Thousands of students faced human rights violations between 2015-2019: report

More than 3,000 students were subjected to human rights violations in Turkey between 2015 and 2019, according to a report recently published by the Human Rights Foundation of Turkey (THİV).

The report said students had suffered from rights violations during protests and demonstrations. Although the right to peacefully protest is secured by the constitution, 2,077 students were detained for participating in demonstrations and 203 were arrested.

Some 150 students were handed a total of 506 years in prison and, alarmingly, most of the students were charged with membership in illegal organizations or dissemination of terrorist propaganda.

According to the report numerous students were also charged with insulting Turkish President Recep Tayyip Erdoğan. Since Erdoğan assumed the presidential office in 2014, a total of 128,872 people have been investigated for insulting him.

Article 299 of the Turkish Penal Code (TCK) states that any person who insults the president of the republic faces a prison term of up to four years. This sentence can be increased by a sixth if it has national exposure, and by a third if committed by the press or media. In total 9,554 people have been handed down sentences for insulting the president since 2014.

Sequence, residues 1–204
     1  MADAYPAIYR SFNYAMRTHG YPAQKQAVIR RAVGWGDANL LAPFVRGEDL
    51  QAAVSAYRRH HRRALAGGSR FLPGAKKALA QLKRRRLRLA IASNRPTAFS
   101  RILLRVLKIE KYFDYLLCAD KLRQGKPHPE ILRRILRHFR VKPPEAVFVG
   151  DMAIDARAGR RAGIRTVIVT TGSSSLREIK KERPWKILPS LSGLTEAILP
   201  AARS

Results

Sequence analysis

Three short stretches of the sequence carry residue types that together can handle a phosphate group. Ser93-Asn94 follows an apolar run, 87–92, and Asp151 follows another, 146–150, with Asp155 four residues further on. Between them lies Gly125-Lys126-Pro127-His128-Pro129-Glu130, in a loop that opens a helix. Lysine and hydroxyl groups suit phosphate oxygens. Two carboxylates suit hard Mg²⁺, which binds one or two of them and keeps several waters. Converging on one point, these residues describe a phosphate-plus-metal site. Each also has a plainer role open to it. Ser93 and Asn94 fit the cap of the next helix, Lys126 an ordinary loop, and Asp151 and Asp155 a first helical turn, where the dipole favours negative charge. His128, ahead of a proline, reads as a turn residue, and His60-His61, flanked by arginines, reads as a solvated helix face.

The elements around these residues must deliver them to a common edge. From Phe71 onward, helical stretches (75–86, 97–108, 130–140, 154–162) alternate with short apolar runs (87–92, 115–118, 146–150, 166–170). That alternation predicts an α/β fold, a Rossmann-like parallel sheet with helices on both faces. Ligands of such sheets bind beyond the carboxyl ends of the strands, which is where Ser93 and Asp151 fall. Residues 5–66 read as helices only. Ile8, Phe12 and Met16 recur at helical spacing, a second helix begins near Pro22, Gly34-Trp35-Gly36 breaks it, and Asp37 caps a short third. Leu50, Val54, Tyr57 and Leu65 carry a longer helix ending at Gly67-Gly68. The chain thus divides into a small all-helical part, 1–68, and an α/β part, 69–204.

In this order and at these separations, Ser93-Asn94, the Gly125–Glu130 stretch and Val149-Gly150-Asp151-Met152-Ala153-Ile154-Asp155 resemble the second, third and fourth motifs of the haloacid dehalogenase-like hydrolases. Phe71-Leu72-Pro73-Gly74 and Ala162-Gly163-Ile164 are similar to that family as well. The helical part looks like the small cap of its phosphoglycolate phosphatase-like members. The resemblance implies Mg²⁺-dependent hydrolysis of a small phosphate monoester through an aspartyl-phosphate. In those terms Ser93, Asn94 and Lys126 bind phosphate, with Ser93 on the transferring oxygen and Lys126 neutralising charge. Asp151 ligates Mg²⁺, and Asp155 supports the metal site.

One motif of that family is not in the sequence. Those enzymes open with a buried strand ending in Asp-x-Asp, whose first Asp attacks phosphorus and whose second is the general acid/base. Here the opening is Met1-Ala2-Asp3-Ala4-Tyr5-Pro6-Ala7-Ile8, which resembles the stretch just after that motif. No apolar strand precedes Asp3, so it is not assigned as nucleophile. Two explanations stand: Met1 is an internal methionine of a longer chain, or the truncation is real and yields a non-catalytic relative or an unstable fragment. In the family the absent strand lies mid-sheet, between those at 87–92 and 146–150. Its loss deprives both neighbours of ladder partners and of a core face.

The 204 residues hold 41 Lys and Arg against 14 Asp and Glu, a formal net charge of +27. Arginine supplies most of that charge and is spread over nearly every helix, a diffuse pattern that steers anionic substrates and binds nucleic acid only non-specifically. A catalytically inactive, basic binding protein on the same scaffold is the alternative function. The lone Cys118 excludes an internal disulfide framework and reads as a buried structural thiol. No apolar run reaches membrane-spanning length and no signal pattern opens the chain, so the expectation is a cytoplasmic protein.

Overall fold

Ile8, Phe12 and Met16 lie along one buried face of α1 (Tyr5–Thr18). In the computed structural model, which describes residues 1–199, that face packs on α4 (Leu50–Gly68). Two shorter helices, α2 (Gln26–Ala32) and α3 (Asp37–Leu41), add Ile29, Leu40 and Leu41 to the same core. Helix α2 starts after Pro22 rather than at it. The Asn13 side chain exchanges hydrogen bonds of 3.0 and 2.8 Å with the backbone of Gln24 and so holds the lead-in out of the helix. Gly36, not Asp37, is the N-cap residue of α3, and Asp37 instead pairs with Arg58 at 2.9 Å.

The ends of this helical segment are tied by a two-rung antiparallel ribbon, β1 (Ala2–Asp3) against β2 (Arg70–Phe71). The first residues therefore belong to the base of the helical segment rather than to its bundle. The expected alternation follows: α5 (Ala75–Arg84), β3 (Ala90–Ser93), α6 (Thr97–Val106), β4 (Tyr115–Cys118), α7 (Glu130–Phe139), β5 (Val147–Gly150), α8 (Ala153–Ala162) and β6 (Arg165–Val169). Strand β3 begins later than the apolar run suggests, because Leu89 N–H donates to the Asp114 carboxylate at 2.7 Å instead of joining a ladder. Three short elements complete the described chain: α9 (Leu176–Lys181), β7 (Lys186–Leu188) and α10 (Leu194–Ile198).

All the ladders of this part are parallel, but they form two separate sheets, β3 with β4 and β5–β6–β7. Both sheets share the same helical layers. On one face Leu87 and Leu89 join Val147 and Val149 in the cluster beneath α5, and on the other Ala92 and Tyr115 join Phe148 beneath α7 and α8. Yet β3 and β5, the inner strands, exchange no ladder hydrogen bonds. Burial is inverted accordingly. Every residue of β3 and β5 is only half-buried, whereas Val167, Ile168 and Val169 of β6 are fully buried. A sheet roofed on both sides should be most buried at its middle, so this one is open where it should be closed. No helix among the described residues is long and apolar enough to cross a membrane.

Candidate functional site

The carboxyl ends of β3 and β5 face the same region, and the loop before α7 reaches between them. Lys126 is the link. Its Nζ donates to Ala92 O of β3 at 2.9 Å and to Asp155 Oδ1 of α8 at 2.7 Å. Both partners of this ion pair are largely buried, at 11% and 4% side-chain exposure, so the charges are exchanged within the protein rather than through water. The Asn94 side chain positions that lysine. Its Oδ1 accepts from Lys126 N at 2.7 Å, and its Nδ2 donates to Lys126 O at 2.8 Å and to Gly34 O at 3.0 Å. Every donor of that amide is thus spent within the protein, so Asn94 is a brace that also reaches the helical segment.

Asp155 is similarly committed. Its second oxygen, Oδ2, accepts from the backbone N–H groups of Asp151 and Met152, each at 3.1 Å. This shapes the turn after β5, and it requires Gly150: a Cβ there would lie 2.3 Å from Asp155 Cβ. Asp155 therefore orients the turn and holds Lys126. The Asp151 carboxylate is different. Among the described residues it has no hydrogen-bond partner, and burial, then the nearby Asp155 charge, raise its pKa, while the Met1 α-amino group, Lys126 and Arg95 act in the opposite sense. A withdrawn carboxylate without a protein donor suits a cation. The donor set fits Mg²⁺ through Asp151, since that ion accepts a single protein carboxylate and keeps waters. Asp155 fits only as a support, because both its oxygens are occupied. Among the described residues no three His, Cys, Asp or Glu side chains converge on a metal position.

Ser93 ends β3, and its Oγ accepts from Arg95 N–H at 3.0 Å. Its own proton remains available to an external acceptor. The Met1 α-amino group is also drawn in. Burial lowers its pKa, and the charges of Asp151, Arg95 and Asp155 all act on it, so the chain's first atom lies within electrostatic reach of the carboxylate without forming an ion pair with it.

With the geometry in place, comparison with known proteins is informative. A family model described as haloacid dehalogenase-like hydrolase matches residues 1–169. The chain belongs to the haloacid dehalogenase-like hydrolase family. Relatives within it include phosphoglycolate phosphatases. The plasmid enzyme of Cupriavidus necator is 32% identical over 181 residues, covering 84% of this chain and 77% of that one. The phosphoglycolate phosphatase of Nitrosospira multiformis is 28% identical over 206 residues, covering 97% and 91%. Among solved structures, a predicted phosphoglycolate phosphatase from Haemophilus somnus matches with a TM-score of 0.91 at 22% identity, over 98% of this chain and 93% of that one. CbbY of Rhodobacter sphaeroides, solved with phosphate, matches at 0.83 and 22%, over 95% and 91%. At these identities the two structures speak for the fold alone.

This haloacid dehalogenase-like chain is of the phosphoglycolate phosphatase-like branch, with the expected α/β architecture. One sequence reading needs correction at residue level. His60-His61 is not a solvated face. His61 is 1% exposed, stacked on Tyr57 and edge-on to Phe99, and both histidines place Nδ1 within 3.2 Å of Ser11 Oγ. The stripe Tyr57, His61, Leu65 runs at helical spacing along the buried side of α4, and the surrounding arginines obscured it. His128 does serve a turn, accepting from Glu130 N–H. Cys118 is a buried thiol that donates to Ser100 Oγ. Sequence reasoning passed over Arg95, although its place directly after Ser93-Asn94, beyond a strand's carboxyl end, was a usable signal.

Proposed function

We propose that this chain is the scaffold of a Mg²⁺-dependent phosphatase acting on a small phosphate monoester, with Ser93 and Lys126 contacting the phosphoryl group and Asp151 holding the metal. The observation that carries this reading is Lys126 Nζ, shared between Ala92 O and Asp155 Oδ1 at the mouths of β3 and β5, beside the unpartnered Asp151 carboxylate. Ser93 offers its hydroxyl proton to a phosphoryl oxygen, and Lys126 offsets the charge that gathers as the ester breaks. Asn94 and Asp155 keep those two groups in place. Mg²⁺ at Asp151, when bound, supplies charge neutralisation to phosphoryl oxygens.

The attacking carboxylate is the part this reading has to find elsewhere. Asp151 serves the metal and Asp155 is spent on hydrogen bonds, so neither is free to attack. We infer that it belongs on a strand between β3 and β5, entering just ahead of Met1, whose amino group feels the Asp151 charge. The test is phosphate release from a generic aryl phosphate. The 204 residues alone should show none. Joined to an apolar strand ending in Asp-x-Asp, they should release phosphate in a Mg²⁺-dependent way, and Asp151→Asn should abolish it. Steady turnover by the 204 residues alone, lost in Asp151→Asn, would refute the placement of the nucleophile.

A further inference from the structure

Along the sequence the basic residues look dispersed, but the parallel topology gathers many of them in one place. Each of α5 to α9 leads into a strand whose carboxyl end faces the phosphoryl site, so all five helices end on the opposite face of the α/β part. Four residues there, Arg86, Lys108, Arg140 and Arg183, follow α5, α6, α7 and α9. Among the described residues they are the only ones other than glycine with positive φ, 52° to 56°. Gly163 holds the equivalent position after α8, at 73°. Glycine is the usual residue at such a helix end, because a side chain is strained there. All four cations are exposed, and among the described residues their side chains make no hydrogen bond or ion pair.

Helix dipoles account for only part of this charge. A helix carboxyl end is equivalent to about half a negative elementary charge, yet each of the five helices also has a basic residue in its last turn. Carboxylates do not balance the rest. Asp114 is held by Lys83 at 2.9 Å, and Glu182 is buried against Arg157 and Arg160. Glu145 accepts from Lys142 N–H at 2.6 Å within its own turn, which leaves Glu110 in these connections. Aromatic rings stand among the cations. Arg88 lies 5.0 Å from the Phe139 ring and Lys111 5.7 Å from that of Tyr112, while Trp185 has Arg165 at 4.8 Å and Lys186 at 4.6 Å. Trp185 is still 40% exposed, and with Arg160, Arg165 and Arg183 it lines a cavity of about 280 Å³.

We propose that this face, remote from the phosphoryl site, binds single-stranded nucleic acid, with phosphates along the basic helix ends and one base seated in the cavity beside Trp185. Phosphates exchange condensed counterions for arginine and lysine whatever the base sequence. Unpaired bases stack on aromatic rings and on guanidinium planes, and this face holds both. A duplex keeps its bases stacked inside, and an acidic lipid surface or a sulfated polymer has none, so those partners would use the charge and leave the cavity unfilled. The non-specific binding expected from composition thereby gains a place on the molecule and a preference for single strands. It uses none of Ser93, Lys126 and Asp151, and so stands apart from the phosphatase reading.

The report added that a total of 23 students had died during protests in these four years and that 720 were injured, mostly during police interventions. Nearly a third of these incidents took place on university campuses.

Ankara and Istanbul were the cities where students faced the most rights violations, according to the report.

Rights violations of protesting students have continued since 2020. The first quarter of this year witnessed a wave of protests among university students, which started among Boğaziçi University students who were protesting the appointment of Melih Bulu, a long-time member of President Erdoğan’s ruling Justice and Development Party (AKP), as rector of the university, arguing that it undercut academic freedoms and democracy.

The protests spread to other cities such as Ankara and Izmir, and hundreds of protestors were detained. According to another report prepared by THİV and published in February, more than 800 students were subjected to ill treatment by the police.

The rights to freedom of expression and freedom of assembly were violated, the foundation said, and urged the AKP government to stop using rhetoric that incites or justifies violence against peaceful protestors and eliminate the impunity that protects public officials who engage in violence.

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